Since the passage of the EU’s General Data Protection Regulation (GDPR) in 2018, many countries are striving to be GDPR-compliant, and Kenya is no exception. As one of the growing fintech hot spots in Africa, the rapid advancement of technology in Kenya has been turning heads in data protection. It was recently reported that fintech innovations in Kenya immensely contributed to the sharp rise in the accessibility to basic financial services which was around just 26% in 2006 to 83% of its population now. The much-anticipated Data Protection Act (DPA) of 2019 is to regulate and protect the personal data of its population.
The DPA came into force on 25 November 2019 and incorporated various rules and regulations to reflect the GDPR. Its passage was a major development for Kenya as it arguably boosts its international reputation and recognition for being the third East African country to pass legislation for the protection of data privacy.
- International data transfers – Cross-border data transfers are generally not allowed unless under specific circumstances and the data transferred must be stored appropriately. Part V of the DPA contains exceptions to this rule.
- Data subject rights – Under the DPA much like the GDPR, data subjects have the right to be informed; the right of access; the right to be forgotten or deletion; the right of rectification; the right to object or opt-out; the right to data portability; and the right not to be subject to automated decision-making.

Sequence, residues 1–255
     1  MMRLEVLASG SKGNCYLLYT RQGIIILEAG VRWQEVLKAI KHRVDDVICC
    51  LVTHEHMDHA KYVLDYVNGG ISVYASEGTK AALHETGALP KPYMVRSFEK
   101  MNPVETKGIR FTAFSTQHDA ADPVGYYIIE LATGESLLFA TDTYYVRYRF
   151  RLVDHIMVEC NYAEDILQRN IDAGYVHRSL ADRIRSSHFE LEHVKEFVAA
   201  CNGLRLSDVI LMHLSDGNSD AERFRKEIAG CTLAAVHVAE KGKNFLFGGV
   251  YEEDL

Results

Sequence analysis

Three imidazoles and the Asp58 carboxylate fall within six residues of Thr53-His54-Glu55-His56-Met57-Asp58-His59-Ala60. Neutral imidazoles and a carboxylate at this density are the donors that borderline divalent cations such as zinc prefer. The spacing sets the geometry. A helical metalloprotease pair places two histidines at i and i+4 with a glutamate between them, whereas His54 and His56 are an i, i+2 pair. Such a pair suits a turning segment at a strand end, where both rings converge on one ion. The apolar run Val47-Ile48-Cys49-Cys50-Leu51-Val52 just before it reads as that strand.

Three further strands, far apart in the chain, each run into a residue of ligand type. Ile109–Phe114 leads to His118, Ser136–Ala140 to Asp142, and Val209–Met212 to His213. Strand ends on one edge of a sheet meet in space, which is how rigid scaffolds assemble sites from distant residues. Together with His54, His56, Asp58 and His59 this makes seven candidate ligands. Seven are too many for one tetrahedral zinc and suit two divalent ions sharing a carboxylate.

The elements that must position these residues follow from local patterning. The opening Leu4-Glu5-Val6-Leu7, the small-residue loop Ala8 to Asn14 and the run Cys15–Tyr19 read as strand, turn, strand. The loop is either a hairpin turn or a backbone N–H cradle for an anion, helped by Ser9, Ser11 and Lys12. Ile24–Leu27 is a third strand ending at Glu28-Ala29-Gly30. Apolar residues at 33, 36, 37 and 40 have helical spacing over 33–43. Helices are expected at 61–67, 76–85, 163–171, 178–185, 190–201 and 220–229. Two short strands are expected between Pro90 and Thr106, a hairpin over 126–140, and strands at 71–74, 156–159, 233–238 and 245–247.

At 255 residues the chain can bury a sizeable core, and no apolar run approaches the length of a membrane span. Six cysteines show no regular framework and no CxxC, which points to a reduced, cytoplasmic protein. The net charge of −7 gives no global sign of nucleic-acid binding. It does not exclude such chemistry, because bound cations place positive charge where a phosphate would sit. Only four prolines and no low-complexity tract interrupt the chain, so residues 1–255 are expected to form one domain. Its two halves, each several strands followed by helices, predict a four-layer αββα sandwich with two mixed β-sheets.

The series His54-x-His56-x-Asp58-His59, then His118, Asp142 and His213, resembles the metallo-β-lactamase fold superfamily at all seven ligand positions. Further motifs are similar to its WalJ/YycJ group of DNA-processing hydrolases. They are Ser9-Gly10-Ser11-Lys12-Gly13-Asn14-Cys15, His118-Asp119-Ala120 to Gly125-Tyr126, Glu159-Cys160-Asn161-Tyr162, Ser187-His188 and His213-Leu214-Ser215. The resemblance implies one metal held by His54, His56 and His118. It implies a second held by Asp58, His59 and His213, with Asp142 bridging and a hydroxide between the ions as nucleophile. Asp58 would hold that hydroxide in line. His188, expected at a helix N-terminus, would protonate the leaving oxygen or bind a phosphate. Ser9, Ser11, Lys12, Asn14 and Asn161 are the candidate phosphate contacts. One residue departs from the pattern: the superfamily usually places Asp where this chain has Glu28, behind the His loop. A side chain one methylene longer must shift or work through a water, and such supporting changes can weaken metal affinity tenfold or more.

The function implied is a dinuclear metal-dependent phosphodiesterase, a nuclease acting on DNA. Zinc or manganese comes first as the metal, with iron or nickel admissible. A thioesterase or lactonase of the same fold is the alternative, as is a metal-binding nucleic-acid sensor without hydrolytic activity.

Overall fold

- Data Protection Officer (DPO) appointment – It is mandatory for controllers and processors to appoint a DPO under specified conditions.
- Consent – Similarly to other post-GDPR data protection legislations, consent and withdrawal of consent are major elements in personal data protection. Hence, consent is expected to be unambiguous and concise. The right to withdraw consent and informed consent must be freely exercised by the individual.
- Breach and penalties – Organisations must notify the Commissioner within 72 hours immediately after becoming aware of a data breach. The maximum fine that may be imposed on an organisation is up to 1% of its annual turnover of the preceding financial year or up to KES 5 million (approx. €38,420).
The GDPR has provided high regulatory standards in data protection which continues to create a ripple effect. In tackling challenges posed by the advancement in Kenyan technology industries, e.g. fintech, organisations engaged in or thinking of entering the Kenyan market must consider the importance of ensuring they are DPA-compliant.
As part of HewardMills’ global DPO services, our Ghanaian team ensures clients in the region are kept up to date on the latest African data protection laws and regulations. To learn more, please get in touch by visiting http://www.hewardmills.com/contact-us/ or emailing us at firstname.lastname@example.org.